Last week at Apple’s Worldwide Developers’ Conference (WWDC), the company announced approximately eleventeen billion thousand things. There were operating system updates, a whole new operating system, a fancy mixed reality headset that you probably can’t afford, two new Apple Silicon chips (M2 Ultra and R1), and four new computers. Most of the announcements were aimed at developers, pro users, and people with cash to splash. But one device, the 15-inch MacBook Air, seemed firmly aimed at a different audience: people who currently use Windows laptops and are curious about moving to Mac.
The language around the launch was all about how the MacBook Air was the current best-selling laptop (though it was not specified in which market it held that title). But it was also said that 15-inch was the most popular screen size, a size that Apple stopped selling around 2019 when the company moved the MacBook Pro to have a 16-inch screen, hence the move to making a 15-inch MacBook Air.
Before the announcement of the new 15-inch MacBook Air (from $2,199), the cheapest Apple option above 14-inch was the 16-inch MacBook Pro, which is overpowered for most users and starts at $3,999. This marks the first time in the 15 years since the MacBook Air was introduced that the model has been given a screen larger than 13.3-inch.
But, stats and speculation aside, is it any good? We put the 15-inch MacBook Air to the test, and were impressed with what we saw.
15-inch MacBook Air Specs
While the base 13-inch M2 model ($1,799) only ships with the 8-core M2 GPU and a 30W USB-C power adapter, the base $2,199 15-inch model comes with the 10-core GPU and the 35W dual USB-C port power adapter. Those upgrades on the 13-inch take the price to $2,299, but also includes the 512GB SSD, which is $2,499 in the 15-inch, which makes it hard to compare Apples to Apples for the price.
The 15-inch also has six speakers built in instead of the 13-inch’s four, however there aren’t any speaker grille holes, so the speakers still sound like they’re trapped behind a layer of aluminium. Which they are. (But they still sound better than you’d expect.)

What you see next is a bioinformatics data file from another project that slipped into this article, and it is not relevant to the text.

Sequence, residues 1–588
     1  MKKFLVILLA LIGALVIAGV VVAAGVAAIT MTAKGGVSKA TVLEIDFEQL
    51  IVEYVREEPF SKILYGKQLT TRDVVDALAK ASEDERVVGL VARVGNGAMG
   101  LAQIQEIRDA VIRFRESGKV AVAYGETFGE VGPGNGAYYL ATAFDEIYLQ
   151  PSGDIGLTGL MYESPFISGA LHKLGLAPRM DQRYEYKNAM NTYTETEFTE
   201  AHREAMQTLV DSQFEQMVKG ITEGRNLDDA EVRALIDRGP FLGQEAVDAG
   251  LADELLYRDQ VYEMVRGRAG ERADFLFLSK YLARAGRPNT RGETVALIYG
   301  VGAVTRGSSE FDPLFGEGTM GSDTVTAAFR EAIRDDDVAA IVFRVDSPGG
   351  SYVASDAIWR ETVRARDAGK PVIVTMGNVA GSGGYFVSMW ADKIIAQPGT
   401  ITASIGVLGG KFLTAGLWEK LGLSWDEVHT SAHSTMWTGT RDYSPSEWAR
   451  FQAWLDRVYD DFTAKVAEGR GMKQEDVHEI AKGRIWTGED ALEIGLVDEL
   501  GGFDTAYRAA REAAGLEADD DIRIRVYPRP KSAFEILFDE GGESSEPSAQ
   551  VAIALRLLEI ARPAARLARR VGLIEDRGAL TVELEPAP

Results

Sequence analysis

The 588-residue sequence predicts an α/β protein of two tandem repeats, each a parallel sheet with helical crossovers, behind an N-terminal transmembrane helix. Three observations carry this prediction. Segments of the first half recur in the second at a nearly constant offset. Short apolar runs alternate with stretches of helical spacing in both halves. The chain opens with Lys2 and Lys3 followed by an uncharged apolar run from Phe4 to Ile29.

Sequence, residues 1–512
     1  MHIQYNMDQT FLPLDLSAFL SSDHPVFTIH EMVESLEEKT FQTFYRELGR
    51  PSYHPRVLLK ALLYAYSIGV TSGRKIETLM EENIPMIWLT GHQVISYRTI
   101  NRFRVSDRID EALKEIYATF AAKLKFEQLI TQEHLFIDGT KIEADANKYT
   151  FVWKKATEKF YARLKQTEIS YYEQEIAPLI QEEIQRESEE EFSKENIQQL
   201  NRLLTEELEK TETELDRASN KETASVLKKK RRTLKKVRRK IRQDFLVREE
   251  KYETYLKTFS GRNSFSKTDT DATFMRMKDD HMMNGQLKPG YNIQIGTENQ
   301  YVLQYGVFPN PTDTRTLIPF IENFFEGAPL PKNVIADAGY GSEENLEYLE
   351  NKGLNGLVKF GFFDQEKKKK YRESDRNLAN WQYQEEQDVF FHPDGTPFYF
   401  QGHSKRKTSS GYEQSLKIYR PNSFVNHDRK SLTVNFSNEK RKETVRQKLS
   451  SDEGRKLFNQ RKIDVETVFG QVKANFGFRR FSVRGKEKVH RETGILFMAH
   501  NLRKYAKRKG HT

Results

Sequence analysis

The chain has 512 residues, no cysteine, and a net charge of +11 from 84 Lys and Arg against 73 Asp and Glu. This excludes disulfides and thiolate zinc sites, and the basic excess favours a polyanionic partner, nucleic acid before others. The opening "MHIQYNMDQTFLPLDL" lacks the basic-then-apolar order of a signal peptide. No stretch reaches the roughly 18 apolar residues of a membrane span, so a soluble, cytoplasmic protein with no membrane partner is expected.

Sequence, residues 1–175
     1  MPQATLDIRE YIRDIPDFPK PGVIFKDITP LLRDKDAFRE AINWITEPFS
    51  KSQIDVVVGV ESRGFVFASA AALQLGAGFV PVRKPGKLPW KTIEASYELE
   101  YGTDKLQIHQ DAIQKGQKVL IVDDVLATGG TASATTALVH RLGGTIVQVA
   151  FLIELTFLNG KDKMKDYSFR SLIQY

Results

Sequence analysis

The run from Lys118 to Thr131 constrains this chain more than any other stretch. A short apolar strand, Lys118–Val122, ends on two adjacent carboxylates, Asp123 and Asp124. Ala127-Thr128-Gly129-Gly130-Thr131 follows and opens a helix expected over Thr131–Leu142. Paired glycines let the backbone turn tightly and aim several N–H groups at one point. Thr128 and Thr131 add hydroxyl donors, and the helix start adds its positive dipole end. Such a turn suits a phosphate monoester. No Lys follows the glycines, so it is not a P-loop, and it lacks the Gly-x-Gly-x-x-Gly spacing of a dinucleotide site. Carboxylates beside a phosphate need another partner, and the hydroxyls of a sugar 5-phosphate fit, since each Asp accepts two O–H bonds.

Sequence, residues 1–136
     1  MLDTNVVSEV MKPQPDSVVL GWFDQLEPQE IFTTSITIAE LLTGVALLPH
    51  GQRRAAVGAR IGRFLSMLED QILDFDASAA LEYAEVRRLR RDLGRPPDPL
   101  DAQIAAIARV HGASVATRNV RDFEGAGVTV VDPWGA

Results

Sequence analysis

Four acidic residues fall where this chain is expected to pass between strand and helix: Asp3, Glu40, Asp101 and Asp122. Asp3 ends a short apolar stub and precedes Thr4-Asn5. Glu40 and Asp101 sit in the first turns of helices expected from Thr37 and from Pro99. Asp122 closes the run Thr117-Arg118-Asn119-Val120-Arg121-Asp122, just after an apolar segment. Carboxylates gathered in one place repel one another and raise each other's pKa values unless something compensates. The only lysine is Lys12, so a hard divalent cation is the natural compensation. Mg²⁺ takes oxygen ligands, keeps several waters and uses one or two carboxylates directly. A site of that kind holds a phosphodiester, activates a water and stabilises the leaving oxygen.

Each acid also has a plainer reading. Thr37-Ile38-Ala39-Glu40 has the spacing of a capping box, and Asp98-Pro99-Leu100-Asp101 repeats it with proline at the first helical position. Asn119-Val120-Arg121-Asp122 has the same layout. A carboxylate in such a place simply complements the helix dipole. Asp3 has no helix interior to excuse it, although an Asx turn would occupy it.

Regarding the body and weight, the 15-inch is 2mm taller with the lid shut, 4-ish cm wider and 2-ish cm deeper. It’s also 270g heavier, which is noticeable when you’re comparing them directly but doesn’t really make much difference when carried around in a backpack.
Aside from that, the 15-inch MacBook Air is just the 13-inch, if the 13-inch had a growth spurt. My entire note from the keynote announcement of the 15-inch MacBook Air is “like the little one, but bigger” and, really, that’s the key takeaway.
15-inch MacBook Air general performance
The M2 is the little chip that could. Tech reviewers have been writing love letters to Apple Silicon since the M1 was introduced in 2020. It’s the most powerful laptop processor there is in this price range by a long shot. It’s also got a fan-less design, so it’s thin, light, and won’t sound like a plane trying to take off if you open too many tabs.
With the exception of running very intense professional workflows, or trying to play The Sims 4 with every expansion pack turned on at the same time for more than four hours, I haven’t found anything the M2 MacBook Air struggles with. Editing short videos in Final Cut Pro, or recording a song with 10 tracks in Logic Pro doesn’t cause any problems. I probably wouldn’t frequently try to render full feature-length movies on there if that was something I had to do often. But it’s more than capable of handling the 80-plus Safari tabs that I’ll definitely get around to reading one day.
In terms of benchmarking, on Geekbench the M2 CPU got a 2660 single-core score and a 10119 multi-core score
From a Mac perspective that, unsurprisingly, puts it on par with the M2 13-inch MacBook Air and regular M2 13-inch MacBook Pro. Surprisingly, that puts it slightly above the 3.2GHz 16-core Intel Xeon 2019 Mac Pro, which got a 9865 multi-core score.
Looking at PCs, that’s around the same single-core score as an AMD Ryzen 9 7945HX, or an Intel Core i9-13900. On multi-core that’s around a slightly older Intel Core i9-9940X, an Intel Xeon W-2295 and an AMD Ryzen 7 5800X. The closest 13th gen Intel is a Core i5-13600 2.7GHz 14 core model (the M2 is 8 core) with a multi-core score of 12209.
The GPU got a 27729 OpenCL benchmark score, which is around a Nvidia GeForce GTX 980 (27792) or Nvidia GeForce GTX 1060 (27830). That’s not exactly going to thrill people who perform a lot of graphics-heavy tasks, but it’s pretty damn impressive for integrated graphics in an ultra-portable laptop.
Basically, it’ll do pretty much everything an average user would need to do, and then some, without getting too hot or slow, and while staying pretty.
15-inch MacBook Air inputs
The 15-inch MacBook Air, like the 13-inch model, features two USB-C ports and a MagSafe port on the left side, and a single 3.5mm jack on the right. While this is sub-optimal, it does give me the opportunity to rant about how much I hate user-unfriendly minimalist design.
In 2015 former Apple chief design officer Jony Ive declared that the USB-A port was dead, and from that point on Apple laptops would only have USB-C ports (I’m paraphrasing).